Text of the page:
Manzanar, Diverted: When Water Becomes Dust (2021) details an intergenerational story of a small parcel of land with its own complex environmental and political history. Prior to World War II, Native Americans were driven out of the place they called Payahuunadü, the “land of flowing water,” marking the land with colonial violence. Local farmers and ranchers who worked the land were bought out by the LA Department of Water and Power. During the war, Manzanar served as an incarceration site for Japanese Americans forcibly displaced from their homes. Filmmaker Ann Kaneko recounts this history of government mistreatment and social injustice with interviews from the Native American descendants and Japanese American incarcerees of Manzanar, tracing the intersectional connections of the parched valley and the water that trickles through it. Manzanar, Diverted sheds light on the ongoing environmental and political activist struggle by communities still defending their land and water from Los Angeles. Born out of work from a team of scholars from UC Irvine and UC Riverside, the documentary chronicles an important chapter of California history.
The Carsey-Wolf Center was delighted to partner with UCSB Arts & Lectures in presenting this film. Director Ann Kaneko joined moderator Kelsey Moore (Film and Media Studies, UCSB) for a post-screening discussion of Manzanar, Diverted: When Water Becomes Dust.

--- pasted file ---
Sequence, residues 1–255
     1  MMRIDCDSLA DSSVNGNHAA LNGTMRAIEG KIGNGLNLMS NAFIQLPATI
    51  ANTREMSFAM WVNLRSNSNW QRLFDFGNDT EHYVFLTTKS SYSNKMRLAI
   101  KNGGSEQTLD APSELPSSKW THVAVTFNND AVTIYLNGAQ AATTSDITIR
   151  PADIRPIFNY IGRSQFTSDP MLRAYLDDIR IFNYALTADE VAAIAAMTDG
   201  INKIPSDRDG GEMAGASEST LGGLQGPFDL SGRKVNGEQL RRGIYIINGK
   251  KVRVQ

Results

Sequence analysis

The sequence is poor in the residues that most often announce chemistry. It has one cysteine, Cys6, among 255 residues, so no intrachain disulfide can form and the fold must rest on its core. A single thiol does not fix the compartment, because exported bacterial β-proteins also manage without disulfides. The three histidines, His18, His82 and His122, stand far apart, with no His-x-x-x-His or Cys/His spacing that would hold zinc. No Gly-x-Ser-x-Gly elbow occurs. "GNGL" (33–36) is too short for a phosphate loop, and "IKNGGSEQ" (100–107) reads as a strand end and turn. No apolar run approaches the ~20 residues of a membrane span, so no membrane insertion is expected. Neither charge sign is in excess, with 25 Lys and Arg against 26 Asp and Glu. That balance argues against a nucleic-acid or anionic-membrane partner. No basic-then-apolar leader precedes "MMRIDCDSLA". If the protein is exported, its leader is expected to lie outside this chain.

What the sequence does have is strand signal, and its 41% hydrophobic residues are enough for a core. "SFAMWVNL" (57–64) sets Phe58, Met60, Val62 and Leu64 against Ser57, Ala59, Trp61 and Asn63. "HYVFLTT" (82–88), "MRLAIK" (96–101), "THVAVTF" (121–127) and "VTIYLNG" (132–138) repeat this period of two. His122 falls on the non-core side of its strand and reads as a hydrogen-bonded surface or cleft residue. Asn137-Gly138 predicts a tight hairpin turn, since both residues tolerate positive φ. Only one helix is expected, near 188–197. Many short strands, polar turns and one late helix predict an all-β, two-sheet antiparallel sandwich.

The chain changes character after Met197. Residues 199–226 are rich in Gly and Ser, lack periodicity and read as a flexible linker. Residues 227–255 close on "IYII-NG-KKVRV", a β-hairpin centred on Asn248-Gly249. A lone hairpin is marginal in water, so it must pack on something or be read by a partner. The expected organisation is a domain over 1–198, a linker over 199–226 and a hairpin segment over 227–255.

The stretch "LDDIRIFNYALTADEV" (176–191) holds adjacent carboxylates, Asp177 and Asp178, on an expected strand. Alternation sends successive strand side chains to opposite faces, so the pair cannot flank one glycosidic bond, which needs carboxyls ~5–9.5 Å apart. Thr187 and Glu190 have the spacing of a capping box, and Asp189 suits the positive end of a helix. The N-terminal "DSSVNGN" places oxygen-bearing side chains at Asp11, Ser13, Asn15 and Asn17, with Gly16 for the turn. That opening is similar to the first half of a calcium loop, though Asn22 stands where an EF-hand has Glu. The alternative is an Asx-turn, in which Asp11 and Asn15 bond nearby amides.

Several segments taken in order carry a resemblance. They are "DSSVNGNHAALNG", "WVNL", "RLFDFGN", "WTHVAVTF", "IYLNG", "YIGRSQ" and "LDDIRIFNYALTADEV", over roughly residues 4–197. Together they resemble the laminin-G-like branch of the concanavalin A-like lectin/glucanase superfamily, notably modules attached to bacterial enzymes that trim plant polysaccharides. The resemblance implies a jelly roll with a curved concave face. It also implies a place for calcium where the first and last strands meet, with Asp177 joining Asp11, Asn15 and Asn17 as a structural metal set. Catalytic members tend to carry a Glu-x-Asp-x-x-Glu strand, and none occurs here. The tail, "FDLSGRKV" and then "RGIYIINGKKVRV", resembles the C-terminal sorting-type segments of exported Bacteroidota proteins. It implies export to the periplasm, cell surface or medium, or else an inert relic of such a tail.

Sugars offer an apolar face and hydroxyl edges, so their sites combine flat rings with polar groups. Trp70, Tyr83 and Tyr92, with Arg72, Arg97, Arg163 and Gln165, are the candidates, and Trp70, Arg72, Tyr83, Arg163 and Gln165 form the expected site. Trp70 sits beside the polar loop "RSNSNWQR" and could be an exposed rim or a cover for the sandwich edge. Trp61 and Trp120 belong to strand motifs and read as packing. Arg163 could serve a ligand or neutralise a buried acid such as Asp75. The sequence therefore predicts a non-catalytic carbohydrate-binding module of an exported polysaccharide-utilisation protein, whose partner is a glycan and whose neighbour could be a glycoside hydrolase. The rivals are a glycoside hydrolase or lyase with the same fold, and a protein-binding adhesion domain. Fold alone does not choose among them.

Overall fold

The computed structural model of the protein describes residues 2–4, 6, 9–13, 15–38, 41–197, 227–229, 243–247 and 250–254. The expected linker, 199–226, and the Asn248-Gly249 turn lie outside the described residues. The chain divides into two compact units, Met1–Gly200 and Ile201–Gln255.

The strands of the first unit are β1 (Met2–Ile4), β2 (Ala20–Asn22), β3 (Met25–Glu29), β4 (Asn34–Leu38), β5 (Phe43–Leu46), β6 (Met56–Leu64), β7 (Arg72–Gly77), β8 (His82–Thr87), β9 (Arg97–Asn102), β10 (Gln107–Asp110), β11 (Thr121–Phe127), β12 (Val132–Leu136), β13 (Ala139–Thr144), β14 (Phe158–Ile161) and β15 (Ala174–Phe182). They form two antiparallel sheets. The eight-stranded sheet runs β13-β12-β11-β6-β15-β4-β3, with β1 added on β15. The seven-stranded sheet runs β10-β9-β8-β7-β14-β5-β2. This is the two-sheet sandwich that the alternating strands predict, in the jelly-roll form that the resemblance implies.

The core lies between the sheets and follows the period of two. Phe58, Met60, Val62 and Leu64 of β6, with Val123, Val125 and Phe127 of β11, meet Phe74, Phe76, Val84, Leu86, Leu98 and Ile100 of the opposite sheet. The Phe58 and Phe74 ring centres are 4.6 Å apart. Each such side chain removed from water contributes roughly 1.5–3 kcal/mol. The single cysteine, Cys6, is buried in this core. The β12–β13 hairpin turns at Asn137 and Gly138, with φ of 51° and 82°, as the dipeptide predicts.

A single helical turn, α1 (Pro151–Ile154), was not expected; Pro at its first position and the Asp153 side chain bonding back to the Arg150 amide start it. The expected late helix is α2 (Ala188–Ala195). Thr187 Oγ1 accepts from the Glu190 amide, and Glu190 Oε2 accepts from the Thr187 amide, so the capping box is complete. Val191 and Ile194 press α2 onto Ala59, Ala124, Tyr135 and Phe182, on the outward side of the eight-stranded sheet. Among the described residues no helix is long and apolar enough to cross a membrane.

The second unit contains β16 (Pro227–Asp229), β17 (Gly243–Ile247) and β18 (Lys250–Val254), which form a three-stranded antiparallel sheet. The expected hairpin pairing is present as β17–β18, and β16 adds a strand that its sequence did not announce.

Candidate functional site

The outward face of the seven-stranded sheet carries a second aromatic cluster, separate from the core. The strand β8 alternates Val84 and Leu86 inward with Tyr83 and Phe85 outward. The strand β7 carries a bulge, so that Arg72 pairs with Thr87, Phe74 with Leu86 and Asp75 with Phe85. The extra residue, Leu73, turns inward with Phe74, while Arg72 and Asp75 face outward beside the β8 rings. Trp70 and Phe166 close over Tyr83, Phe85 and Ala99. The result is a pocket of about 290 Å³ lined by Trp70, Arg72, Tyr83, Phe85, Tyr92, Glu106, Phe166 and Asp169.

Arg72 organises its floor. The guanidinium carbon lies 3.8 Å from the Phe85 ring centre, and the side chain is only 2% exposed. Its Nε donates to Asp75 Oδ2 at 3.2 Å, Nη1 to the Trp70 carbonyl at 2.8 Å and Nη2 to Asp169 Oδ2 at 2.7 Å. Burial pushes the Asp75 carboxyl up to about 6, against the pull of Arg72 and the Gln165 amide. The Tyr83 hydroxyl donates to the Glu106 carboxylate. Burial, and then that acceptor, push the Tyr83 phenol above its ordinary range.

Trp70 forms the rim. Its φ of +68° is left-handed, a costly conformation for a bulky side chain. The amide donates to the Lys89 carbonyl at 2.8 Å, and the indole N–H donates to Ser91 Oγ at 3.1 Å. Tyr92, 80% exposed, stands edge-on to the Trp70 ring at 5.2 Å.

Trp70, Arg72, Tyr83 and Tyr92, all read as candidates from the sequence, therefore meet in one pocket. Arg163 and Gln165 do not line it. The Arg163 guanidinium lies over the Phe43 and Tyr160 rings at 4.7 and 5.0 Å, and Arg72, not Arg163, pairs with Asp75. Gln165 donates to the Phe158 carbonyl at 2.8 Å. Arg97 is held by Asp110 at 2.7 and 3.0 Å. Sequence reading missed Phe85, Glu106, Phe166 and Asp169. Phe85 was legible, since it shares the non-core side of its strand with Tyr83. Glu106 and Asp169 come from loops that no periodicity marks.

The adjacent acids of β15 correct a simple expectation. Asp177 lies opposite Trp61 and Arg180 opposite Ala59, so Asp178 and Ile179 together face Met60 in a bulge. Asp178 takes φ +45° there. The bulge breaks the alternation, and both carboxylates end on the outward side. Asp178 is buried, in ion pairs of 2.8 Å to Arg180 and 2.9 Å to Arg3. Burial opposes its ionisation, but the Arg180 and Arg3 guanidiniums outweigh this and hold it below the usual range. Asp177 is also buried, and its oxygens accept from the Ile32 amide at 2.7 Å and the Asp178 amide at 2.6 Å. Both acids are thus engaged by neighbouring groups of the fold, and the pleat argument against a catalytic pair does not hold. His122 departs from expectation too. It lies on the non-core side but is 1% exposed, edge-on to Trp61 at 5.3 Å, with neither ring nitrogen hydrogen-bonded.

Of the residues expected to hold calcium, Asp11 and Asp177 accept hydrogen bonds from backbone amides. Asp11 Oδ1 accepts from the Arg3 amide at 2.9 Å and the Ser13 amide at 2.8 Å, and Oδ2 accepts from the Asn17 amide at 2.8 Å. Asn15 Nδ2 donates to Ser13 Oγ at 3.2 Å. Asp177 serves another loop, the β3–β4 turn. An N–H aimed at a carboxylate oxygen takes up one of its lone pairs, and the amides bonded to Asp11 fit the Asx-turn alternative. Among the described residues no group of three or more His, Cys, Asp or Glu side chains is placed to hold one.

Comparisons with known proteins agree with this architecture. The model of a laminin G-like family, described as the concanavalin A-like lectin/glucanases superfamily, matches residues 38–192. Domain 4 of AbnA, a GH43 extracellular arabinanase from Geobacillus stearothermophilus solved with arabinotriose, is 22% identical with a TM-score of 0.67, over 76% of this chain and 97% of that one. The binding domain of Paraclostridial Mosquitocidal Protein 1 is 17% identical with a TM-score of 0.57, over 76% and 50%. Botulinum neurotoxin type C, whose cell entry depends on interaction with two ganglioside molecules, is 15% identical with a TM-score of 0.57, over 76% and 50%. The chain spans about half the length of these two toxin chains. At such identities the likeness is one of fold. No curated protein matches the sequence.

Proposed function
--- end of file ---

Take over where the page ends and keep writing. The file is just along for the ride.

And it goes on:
Director Ann Kaneko
Ann Kaneko (director/producer/editor/cinematographer) is known for her personal films that weave her intimate aesthetic with the intricacies of political reality. She is an Emmy winner, and her work has screened internationally and been broadcast on PBS. She has been commissioned by the National Endowment for the Arts, the California Endowment, and the Skirball Cultural Center. Her credits include A Flicker in Eternity, based on Stanley Hayami’s diary; Against the Grain: An Artist’s Survival Guide to Peru, highlighting Peruvian political artists; and 100% Human Hair, a musical for the AFI Directing Workshop for Women. Fluent in Japanese and Spanish, Kaneko has been a Fulbright and Japan Foundation Artist fellow. She is a member of New Day Films, a distribution cooperative. She has an MFA from UCLA, teaches at Pitzer College, and is the artist mentor for VC’s Armed with a Camera Fellowship.
Moderator Kelsey Moore
Kelsey Moore is a PhD candidate in Film and Media Studies at the University of California, Santa Barbara. Her research examines film and photographic media captured throughout the Japanese American incarceration and their contemporary relationship to varying archival spheres and new media practices. Kelsey’s family was incarcerated at Heart Mountain, Wyoming throughout the Second World War.
The Carsey-Wolf Center is committed to screening documentaries from across the world that engage with contemporary and historical issues, especially regarding social justice and environmental concerns. Documentaries allow filmmakers to address pressing issues and frame the critical debates of our time.